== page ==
2. Changes in GDP: Since people hold money to purchase goods, when GDP increases the Dm increases.
3. Increase in income of population. People spend more money when they have more money. As incomes increase the demand for money increases because people want to hold more money.
4. Changes in technology (ATM's decreased demand for money) and changes in institutions (changes in regulations ex. Checking from having interest to none then back to having interest...)
- More money in wallet shifts demand to the right
- Less money in wallet shifts demand to the left
Money base (Monetary base)
In economics, the monetary base (also base money, money base, high-powered money, reserve money, outside money, central bank money or, in the UK, narrow money) in a country is defined as the portion of the commercial banks' reserves that are maintained in accounts with their central bank plus the total currency circulating in the public (which includes the currency, also known as vault cash, that is physically held in the banks' vault). The monetary base should not be confused with the money supply which consists of the total currency circulating in the public plus the non-bank deposits with commercial banks.
an institution that oversees and regulates the banking system, and controls the monetary base. Due to the importance of controlling the money supply our banking system is regulated. You cannot just go out and create a bank.
The Federal Reserve
The Federal Reserve was created by the U.S. Congress in 1913. Before that, the U.S. lacked any formal organization for studying and implementing monetary policy. Consequently markets were often unstable and the public had very little faith in the banking system. The Fed is an independent entity, but is subject to oversight from Congress. Basically, this means that decisions do not have to be ratified by the President or anyone else in the government, but Congress periodically reviews the Fed's activities.
Board of Governors
seven members appointed by the President and confirmed by the senate. They are in term for 14 years. A new one is appointed every two years. They control the operation of the money and banking system of the nation.
Federal Open Market Committee
part of the Board of Governors. It is made up of seven members of the Board plus five of the presidents of the Federal Reserve Banks. The president of the FED of New York is always on the committee. They are in charge of the purchase and sale of government bonds in the open market. This is an important monetary control.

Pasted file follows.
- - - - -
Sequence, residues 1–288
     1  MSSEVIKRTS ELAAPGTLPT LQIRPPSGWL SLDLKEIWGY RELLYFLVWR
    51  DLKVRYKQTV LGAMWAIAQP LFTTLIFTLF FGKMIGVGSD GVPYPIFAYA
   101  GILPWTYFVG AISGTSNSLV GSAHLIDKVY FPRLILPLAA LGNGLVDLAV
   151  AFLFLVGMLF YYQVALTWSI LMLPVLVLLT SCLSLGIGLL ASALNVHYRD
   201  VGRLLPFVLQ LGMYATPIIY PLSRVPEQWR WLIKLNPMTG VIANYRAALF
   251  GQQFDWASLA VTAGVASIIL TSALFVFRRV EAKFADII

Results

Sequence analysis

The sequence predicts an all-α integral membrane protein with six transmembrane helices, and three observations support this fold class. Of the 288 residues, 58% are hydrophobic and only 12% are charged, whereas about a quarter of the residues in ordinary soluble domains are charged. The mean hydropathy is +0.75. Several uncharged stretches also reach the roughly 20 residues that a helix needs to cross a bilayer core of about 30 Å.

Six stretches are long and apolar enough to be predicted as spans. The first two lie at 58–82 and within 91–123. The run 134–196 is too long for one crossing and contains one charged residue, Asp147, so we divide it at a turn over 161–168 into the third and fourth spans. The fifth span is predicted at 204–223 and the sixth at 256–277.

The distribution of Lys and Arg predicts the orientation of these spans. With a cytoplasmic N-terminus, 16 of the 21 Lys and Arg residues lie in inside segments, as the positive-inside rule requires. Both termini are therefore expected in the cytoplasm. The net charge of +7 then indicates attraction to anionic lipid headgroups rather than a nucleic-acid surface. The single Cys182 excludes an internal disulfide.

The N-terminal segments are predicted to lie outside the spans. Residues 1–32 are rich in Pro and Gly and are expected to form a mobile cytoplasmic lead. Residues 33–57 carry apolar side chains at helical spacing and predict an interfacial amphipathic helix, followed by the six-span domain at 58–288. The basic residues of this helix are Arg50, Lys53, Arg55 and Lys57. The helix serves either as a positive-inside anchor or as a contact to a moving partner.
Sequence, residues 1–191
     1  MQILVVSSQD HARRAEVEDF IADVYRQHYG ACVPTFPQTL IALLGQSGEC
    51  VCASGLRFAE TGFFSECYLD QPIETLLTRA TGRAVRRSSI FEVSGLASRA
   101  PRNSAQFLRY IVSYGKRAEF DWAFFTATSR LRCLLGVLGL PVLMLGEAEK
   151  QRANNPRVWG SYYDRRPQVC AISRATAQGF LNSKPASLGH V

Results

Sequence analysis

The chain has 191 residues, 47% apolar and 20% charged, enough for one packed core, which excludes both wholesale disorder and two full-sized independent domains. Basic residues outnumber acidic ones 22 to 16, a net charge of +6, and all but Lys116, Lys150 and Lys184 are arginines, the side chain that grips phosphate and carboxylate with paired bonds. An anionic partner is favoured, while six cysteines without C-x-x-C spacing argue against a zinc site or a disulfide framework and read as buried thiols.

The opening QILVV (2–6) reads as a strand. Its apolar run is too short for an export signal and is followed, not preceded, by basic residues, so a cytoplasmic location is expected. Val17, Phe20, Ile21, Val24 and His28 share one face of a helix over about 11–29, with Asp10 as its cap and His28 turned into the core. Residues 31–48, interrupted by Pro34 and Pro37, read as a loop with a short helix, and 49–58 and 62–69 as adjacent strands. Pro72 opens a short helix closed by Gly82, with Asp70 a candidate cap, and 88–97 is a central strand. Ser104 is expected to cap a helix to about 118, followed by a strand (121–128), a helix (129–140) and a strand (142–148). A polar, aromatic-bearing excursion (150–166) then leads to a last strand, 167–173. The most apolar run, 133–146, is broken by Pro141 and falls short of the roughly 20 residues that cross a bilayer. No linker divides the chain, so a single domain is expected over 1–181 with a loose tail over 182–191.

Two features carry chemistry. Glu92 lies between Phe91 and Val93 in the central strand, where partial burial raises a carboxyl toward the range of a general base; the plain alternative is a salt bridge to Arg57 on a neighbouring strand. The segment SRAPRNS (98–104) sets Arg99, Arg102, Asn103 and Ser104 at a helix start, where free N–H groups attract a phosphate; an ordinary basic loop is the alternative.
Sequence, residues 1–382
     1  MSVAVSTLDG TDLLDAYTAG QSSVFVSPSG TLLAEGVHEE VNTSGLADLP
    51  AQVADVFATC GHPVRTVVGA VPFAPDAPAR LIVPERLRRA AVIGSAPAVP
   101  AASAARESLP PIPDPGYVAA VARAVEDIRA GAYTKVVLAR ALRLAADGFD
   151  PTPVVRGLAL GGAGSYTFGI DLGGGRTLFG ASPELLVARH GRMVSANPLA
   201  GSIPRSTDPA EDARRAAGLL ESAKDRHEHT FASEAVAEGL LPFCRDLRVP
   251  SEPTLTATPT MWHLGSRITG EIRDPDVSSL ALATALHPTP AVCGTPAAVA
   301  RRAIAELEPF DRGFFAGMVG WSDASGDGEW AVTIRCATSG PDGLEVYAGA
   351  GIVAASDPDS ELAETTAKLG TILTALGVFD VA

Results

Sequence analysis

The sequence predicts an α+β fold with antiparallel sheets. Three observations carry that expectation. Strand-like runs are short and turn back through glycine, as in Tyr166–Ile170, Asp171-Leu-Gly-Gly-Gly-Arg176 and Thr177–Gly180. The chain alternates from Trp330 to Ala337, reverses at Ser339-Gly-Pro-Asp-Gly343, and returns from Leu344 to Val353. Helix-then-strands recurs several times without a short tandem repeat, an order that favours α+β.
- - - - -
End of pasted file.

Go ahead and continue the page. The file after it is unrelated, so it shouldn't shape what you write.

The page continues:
Federal Advisory Council
also part of the Board of Governors. It has 12 commercial bankers. They are each selected by one of the local Federal Reserve Banks. They are advisory to the Board. They hold no power.
These banks are like being partly government owned and part privately owned. Member banks are required to buy stock in the Fed. Reserve banks. This gives them part ownership. Even though the banks own the Fed Reserve Banks they have no control over them. The Fed. Reserve Banks have no profit motive. Their only role is to provide for the well being of the economy.
state banks (operated under a state charter) and national banks (operate under charter from the Federal government
They are not regulated directly by the Fed. Yet they still must maintain a reserve with the Fed and they can still get loans from the Fed.
A statement of assets and claims (liabilities) summarizing the financial position of a firm or bank at some point in time.
A T-account is an informal term for a set of financial records that use double-entry bookkeeping. The term T-account describes the appearance of the bookkeeping entries. If a large letter T were drawn on the page, the account title would appear just above the T, debits would be listed under the top line of the T on the left side and the credits would be listed under the top line of the T on the right side, with the middle line separating the debits from the credits.
the claims of the owners against the firm's assets
claims of the non-owners
net worth + liabilities
An asset is a resource with economic value that an individual, corporation or country owns or controls with the expectation that it will provide future benefit.. Assets are bought to increase the value of a firm or benefit the firm's operations. You can think of an asset as something that can generate cash flow, regardless of whether it's a company's manufacturing equipment or an individual's rental apartment.
Fractional reserve system of banking
Only a fraction of the receipts were covered with gold. The goldsmiths created money. Today the same thing occurs. Banks make loans based on an amount that the Federal Reserve requires them to keep in reserve.